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Northwest Voices

Seattle Times letters to the editor

June 26, 2013 at 4:30 PM

Army Corps of Engineers has narrow scope for coal review

Carbon emissions must be considered

One hundred twenty-five cars long, this train being loaded at the Spring Creek mine in southeastern Montana is headed west through Washington State to British Columbia and shipped to plants in the Far East, especially, energy poor countries including South Korea, Japan and Taiwan. [Alan Berner, The Seattle Times.]

One hundred twenty-five cars long, this train being loaded at the Spring Creek mine in southeastern Montana is headed west through Washington State to British Columbia and shipped to plants in the Far East, especially, energy poor countries including South Korea, Japan and Taiwan. [Alan Berner, The Seattle Times.]

My faith in The Seattle Times’ editorial balance has been boosted with Lance Dickie’s column on the Army Corps of Engineer’s review of the proposed coal export and mile-long trains through Western Washington. [“Corps should broaden coal review,” Opinion, June 21.]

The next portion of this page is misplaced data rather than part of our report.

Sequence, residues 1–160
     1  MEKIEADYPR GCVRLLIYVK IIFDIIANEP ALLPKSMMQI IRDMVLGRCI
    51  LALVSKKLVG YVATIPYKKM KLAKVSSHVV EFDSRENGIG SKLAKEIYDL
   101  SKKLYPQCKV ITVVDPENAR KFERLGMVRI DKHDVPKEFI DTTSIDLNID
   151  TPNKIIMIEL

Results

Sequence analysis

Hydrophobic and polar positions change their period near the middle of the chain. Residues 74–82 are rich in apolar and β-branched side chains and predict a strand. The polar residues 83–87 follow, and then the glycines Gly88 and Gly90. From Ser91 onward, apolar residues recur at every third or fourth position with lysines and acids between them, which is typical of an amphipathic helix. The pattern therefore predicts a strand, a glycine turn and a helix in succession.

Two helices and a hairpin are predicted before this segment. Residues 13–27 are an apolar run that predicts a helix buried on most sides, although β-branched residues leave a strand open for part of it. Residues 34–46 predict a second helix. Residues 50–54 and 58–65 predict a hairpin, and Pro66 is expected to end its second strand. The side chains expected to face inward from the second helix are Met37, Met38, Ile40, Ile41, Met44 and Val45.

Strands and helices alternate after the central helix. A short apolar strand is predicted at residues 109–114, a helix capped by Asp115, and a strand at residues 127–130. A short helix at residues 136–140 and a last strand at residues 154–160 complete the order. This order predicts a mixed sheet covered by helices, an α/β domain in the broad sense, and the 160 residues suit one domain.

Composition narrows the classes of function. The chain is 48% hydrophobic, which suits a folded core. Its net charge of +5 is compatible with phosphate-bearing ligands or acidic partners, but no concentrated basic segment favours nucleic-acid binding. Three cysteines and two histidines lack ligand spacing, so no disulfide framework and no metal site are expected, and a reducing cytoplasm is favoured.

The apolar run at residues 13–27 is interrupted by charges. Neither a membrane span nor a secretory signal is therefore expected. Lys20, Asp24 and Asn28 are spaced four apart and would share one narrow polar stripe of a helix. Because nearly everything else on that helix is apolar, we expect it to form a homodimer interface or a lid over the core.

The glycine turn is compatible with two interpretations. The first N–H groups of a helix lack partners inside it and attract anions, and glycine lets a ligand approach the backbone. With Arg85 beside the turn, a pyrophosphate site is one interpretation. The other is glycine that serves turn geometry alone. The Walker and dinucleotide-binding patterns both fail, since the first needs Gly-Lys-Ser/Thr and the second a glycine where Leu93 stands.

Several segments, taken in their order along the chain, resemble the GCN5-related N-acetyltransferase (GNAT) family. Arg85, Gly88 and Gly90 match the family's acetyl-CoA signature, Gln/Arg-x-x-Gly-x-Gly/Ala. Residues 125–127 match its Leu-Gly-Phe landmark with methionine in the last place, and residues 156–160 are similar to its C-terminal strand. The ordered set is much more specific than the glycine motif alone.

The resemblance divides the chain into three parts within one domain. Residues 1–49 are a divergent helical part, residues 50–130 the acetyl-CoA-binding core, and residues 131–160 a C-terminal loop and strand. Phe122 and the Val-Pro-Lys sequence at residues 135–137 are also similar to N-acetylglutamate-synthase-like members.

Disruption of our cities and coal dust littered along side of every mile of train track used beg a more thoughtful review. However, as the president announces the proposed limitations on carbon-dioxide emissions from power plants, the emissions of the inevitable burning of this coal in plants around the world should be more broadly viewed. These plants, be they existing or yet to be built, will not provide protection against further carbon emissions.

Coal-fired power plants represent one of the largest activities contributing to pollution of the environment. Thanks for at least proposing a broader review of the region’s next major decision.

Ron Quist, Seattle

0 Comments | More in Environment, Politics, Seattle | Topics: Army Corps of Engineers, carbon dioxide, coal

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